Friday September 13, 2002
Technique - The South's Liveliest College NewspaperFocus

Nearby Atlantic Station develops, impacts students

The continuing development of Atlantic Station is effecting the Home Park Community, which is located just north of campus and filled with Tech students, with increased traffic congestion, pollution and property values.


Atlantic Station is currently under construction and is easily viewed from many of Atlanta’s major arteries. Leasees are scheduled to begin their occupancy in July 2003; the 17th street bridge will open in January 2004.

By Joey Katzen Staff Writer

Looming directly west of the downtown connector at the northern end of Midtown, the Atlantic Station mega development promises significant changes to the habits of Georgia Tech and surrounding residents. Heralded as the poster child of “smart growth,” the new city-within-a-city is expected to house ten thousand people and provide offices for over thirty thousand, directly impacting population and mobility trends within the in-town area.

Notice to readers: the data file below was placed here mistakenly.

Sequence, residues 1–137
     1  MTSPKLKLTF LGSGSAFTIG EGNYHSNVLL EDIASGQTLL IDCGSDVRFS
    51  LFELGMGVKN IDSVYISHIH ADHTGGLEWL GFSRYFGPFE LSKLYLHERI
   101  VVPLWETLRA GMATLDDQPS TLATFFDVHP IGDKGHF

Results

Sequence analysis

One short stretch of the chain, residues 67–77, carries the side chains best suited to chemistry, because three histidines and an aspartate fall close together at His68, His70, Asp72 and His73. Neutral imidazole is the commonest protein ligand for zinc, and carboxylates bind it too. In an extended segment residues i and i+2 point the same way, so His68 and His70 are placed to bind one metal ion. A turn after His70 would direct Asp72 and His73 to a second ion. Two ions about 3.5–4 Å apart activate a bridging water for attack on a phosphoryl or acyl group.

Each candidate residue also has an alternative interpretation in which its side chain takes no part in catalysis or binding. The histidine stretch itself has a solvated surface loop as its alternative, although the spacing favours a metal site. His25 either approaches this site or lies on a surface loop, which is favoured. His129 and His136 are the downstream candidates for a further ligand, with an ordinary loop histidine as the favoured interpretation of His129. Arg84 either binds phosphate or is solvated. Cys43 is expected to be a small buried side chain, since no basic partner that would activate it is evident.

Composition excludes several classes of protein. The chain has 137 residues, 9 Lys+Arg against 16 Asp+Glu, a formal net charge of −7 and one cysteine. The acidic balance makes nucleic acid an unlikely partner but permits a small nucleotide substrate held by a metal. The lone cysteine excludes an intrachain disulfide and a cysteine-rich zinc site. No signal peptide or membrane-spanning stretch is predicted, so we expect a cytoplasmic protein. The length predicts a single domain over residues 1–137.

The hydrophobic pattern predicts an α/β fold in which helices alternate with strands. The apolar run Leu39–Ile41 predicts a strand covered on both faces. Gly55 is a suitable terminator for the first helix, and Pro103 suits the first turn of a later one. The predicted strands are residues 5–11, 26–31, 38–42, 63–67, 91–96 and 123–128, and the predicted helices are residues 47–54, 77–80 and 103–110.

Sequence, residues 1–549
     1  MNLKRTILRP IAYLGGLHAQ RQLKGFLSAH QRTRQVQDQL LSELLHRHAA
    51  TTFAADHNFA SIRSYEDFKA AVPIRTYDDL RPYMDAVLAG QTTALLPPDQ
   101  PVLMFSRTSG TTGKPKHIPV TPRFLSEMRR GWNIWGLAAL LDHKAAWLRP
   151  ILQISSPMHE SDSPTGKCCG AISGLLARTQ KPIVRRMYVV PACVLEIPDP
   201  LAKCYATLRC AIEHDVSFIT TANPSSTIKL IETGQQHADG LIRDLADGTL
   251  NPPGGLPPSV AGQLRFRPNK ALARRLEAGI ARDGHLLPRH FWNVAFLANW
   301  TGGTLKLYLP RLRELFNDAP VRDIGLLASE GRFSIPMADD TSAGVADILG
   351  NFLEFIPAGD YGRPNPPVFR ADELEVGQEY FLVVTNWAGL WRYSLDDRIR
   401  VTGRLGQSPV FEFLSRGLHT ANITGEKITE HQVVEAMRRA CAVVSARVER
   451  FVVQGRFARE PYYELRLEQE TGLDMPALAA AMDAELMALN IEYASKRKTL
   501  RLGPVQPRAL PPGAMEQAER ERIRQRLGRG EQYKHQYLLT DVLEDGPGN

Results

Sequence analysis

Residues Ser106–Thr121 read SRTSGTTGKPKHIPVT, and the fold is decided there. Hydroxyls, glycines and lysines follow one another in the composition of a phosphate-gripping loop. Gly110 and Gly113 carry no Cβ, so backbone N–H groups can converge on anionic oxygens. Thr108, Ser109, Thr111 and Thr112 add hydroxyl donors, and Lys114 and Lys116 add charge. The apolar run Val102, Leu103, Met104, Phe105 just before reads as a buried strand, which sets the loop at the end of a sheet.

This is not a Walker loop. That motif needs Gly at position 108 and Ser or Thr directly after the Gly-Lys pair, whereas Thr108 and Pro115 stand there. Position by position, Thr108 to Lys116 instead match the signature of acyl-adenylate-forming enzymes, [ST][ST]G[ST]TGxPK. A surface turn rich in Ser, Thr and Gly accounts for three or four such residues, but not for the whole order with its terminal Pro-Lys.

Born as the brainchild of developer Jim Jacoby in the late 1990s, the project is the largest “brownfield” development in the country, so noted for rehabilitating a polluted industrial zone for use as viable real estate. The land on which Atlantic Station currently rises once housed the Atlantic Steel Hoop and Barrel Company from 1901 until it forged its last strand of steel wire in 1995, when it existed as an industrial anachronism against the backdrop of contemporary office skyscrapers.

Now on that same land, the new project calls for 1.6 million square feet of retail, restaurant and entertainment space, and six million square feet of office space in a series of towers and mid-rise buildings. By comparison, Lenox Square is just under 1.5 million square feet of retail space, and the square footage of the Bank of America tower, One Atlantic Center, and Sun Trust Plaza have a combined total about half of what Atlantic Station is expected to hold. It additionally will contain large numbers of apartments and condos in various forms that range from high-rises to row houses.

As far as tenants, Atlantic Station has, to date, either talked with or been rumored to have had discussions to hold a state-of-the-art United Artists cinema complex, a Virgin Records mega store, a Johnny Rocket’s restaurant, a Barnes and Noble bookstore and a storefront by The Limited Inc.